A meeting was scheduled for 10 a.m. in that regard.
Cabinet and officials from the Ministry of Finance, Economic Affairs and Social Security have been meeting with unions with a view to discussing government’s proposals to reduce expenditure in its operations.
Talks of an impending five percent salary cut across the board for public sector workers have been circulating in the past few weeks. Government has neither confirmed nor denied its intention to impose this, as it seeks to cut its fiscal deficit by $75 million.
At today’s meeting, which is scheduled to begin at 10 a.m. reporters and journalists are expected to be briefed on matters discussed in these meetings.
According to Prime Minister Dr. Kenny Anthony, the forum is not aimed to “persuade the press to have a particular point of view or to advocate a particular point of view.” He said that meet is simply to provide information.
Dr. Anthony said that media with be given access to the same information being presented to all unions and general public at the recent meetings.
“The reality of this is not to distill from the press any specific position or to get them to prescribe any particular range of policies, rather it is an information session,” he reiterated.
He said government will not be making any announcements as to whether any decisions have been taken with regard to the various proposals discussed at the meetings.
Meanwhile, government is also scheduled to meet with union leaders later in the day to take discussions “one step further” and “get a sense of what is the thinking of the unions”. According to the prime minister, each union was invited to provide proposals that they would want to pursue going forward. Such discussions are expected to continue for a month, he said.
“It’s an opportunity to hear from them exactly where their minds are exactly in terms of proposals emanating from them. It’s gonna be a long process. There will be several discussions I am afraid, but of course I have also made it very clear to the unions that you can’t continue discussions in perpetuity. Discussions have to come to an end and so I think we have broadly agreed that we will spend the next month talking to each other to each other to see if we can find common grounds … So we’re a long way off but it’s a very, very important start,” he said.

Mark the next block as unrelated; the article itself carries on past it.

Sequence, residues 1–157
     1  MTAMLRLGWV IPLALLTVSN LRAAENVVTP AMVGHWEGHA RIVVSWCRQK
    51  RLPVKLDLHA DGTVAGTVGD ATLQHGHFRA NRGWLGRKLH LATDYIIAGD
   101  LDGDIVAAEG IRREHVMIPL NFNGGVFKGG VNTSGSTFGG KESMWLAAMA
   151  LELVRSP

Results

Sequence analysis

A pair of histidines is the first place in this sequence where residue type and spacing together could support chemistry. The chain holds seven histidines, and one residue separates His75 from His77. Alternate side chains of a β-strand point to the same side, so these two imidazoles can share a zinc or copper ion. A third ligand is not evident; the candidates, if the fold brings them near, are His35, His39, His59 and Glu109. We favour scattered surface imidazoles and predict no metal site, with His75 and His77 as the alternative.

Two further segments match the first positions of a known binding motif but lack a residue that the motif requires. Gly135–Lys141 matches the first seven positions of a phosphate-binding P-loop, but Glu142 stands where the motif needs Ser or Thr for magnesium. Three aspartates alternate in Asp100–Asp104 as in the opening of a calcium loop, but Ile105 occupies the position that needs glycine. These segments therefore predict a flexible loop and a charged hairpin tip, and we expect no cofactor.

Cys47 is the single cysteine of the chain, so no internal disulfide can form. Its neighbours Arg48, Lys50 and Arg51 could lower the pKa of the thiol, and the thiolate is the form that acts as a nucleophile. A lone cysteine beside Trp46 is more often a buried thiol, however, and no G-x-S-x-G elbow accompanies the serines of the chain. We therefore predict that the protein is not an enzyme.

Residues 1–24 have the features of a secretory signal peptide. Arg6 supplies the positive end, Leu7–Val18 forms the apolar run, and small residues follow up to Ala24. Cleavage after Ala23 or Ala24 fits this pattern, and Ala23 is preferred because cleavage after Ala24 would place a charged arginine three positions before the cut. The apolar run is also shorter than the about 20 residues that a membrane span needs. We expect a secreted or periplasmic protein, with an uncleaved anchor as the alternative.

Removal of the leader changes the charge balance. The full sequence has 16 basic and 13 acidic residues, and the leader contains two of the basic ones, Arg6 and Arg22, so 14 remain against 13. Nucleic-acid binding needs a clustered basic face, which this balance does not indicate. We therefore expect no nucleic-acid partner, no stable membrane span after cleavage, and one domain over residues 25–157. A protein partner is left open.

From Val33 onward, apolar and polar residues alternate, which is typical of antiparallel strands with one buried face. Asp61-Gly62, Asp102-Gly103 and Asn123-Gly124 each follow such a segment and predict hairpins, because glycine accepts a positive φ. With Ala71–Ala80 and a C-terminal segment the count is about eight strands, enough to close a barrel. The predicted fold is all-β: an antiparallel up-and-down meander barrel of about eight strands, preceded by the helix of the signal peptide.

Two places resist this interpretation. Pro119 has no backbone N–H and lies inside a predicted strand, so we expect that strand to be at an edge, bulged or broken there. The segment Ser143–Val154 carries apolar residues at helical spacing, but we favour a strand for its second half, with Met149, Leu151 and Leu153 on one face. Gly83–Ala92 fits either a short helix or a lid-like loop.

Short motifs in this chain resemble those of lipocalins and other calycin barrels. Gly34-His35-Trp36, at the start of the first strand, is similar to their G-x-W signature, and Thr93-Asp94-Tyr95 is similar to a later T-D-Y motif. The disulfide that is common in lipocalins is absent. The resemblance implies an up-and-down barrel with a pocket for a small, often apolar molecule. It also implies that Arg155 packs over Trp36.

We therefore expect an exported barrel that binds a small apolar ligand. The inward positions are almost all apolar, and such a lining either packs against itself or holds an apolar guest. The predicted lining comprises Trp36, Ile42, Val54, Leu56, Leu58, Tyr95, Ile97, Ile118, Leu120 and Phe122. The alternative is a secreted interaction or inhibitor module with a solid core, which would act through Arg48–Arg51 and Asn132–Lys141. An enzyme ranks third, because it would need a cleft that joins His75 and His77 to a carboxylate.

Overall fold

The Civil Service Association (CSA) was the only trade union movement on the island that was not present for recent meetings with government officials. CSA President Mary Isaac said the move to boycott that meeting was made based on the belief that government has already decided on a five percent cut in public servants salaries.
Prime Minister Dr. Anthony said he hopes all unions will be represented at today’s meeting.
“I don’t think that they keeping away is a good thing for their members. Let it not be said that the government is not keeping its doors opened,” he said.
“Just like when we went through that testing period of negotiations, and we kept our doors opened, so our doors will always be opened to the Civil Service Association. They are our primary employees…” he added.
Dr. Anthony hopes that Isaac will change her views on the matter and show up for the meeting. He declined to respond to allegations she made in the media recently.